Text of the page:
Green roofing design and specification

green roofing


More and more people are seeing the environmental benefits of intensive and extensive green roofing as providing environmental benefits and bringing a level of biodiversity to urban areas. In this article we discuss the two main types of green roofing, the overall advantages they offer and how to combine green roofing with solar panels.

Advantages of green roofing:

  • Green roofing takes pressure off draining systems in urban areas, as it reduces the need for rainwater drainage as plants absorb excess water that would otherwise require draining.
  • Green roofing attracts insects, bees, butterflies and other pollinators, creating precious ‘nature reserves’ on city roofs, which brings a level of biodiversity to urban areas.
  • Green roofing reduces the amount of heat gain in the building fabric. A building without green roofing absorbs heat, while a green-roofed building makes for a more comfortable environment, simply because there is less heat gain.

Intensive versus extensive green roofs

Although green roofs come in many shapes and sizes, a general distinction can be made between intensive and extensive green roofs. Extensive green roofs are lightweight and by far the most common type of green roof, combining up to 150 millimetres of substrate with shallow rooted plants, like sedums, mosses and grasses. Intensive green roofs can feature any plant that requires depth, such as trees and shrubs, thanks to their substrate being more than 150 millimetres deep.

Designing green roofs

1.     Layers

Extensive and intensive green roofs have quite the similar build-up. With extensive green roofs, reducing weight is obviously key, so this variant calls for some specific modifications that are not necessary for intensive green roofing. Both types of roofs consist of the following layers:

  • The first layer is made up of the roofing system
  • On top of that is a root inhibitor or root barrier
  • The next layer contains a drainage or reservoir system
  • A growth medium, like lightweight soil, is added on top of the reservoir system. SM-50 synthetic substrate panels are often used on extensive green roofs, where only minimal roof loads are possible. These special mineral wool panels weigh three times less than soil.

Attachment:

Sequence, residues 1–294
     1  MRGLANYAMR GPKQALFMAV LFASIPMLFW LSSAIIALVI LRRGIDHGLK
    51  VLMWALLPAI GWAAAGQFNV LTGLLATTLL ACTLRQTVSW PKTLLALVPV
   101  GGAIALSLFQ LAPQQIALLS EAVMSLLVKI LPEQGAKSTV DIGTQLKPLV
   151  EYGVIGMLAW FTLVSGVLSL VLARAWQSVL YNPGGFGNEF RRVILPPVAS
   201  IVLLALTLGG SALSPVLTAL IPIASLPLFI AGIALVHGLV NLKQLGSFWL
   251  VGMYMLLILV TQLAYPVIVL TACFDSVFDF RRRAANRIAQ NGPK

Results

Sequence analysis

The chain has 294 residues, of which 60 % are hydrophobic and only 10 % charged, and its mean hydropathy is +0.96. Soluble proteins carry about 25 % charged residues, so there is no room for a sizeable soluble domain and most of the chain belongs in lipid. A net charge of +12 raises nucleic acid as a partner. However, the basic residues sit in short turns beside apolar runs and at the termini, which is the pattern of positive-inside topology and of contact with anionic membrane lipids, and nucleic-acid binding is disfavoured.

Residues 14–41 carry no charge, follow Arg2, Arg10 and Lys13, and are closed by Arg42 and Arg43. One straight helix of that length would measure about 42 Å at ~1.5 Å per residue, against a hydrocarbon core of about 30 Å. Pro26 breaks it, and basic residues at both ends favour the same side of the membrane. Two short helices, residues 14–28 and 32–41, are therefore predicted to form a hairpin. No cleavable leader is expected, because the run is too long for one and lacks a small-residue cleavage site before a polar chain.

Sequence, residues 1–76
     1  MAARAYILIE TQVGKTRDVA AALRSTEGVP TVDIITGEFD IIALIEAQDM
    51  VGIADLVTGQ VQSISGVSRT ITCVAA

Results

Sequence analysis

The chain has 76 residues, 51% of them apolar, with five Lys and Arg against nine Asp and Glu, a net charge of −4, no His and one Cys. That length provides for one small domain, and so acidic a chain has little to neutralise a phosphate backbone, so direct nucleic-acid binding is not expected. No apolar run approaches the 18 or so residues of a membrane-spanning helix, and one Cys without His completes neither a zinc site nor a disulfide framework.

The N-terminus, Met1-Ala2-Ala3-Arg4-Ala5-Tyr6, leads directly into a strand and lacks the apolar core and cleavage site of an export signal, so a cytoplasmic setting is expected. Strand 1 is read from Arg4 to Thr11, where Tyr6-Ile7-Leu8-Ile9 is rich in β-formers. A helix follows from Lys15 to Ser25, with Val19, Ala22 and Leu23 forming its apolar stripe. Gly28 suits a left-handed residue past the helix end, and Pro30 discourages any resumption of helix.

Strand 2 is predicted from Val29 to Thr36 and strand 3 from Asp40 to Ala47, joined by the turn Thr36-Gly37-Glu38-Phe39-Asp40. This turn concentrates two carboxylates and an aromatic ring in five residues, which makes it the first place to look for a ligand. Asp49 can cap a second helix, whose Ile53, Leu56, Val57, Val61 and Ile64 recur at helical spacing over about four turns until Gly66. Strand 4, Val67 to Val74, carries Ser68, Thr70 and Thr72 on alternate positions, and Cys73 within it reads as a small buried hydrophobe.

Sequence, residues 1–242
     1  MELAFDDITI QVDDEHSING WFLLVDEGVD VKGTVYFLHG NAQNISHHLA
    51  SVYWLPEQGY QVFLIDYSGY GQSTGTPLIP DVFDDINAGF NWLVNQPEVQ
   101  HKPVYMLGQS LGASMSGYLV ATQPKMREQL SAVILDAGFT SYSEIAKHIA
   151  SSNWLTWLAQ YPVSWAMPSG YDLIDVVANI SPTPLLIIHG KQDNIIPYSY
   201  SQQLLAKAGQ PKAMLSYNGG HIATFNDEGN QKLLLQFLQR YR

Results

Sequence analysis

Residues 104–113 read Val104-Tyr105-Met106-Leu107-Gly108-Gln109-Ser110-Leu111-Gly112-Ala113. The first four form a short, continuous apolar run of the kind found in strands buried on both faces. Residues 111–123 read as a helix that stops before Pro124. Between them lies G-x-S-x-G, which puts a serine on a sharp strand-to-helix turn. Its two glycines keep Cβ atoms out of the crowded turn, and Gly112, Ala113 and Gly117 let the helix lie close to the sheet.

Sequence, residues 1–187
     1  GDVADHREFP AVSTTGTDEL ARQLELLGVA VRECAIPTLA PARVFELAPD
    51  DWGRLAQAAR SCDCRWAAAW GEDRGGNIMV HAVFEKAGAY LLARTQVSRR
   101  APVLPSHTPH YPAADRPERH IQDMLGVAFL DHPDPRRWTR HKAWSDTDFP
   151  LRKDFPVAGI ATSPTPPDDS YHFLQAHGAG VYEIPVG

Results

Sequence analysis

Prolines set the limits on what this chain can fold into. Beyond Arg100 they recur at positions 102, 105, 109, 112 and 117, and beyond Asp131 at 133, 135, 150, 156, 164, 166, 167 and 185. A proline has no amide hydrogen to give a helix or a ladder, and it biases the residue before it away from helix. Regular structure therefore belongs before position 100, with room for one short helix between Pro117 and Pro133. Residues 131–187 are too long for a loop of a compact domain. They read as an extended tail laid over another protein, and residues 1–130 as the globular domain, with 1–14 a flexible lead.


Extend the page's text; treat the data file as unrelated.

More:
• The final layer is where the sedum blanket or green roof mix is laid.

2.     Types of plants

When selecting the plants for your green roof, speak with an expert to ensure the species chosen are suitable for the area you are in.

3.     Perimeter detailing and perimeter ballast

On standard roofs wind tends to create suction and in the worst-case scenario, the roof rolls back and potentially blows away. A green roof is an open-celled system, which means the wind simply passes through. When installing a green roof special special attention is taken with perimeter detailing and perimeter ballast to keep the sedum in place.

4.     Sloped green roof

Finally, when designing a green roof, taking the slope into account is key. The standard recommendation is; If the roof has a slope of more than 15 degrees, a specialist design is crucial to keep the sedum material in place. However, at Soprema we recommend a specialist design even with a slope of 5 degrees or over.

More and more ZEBs in the EU

The Energy Performance of Buildings Directive, which came into force on 9 July 2018, requires all new buildings in the EU to be as close to zero-energy as possible by the end of 2020. For commercial projects the Directive calls for a large quantity of solar panels leaving no space for a green roof to be installed, Since some local authorities specify that a certain percentage of any roof must be green, it makes complying with both the local regulations and the EPBD difficult.

Soprema take an approach with these regulations involved the use of brown roofs underneath solar panels. A brown roof has a green roof build-up, yet has no sedum to help meet fire requirements.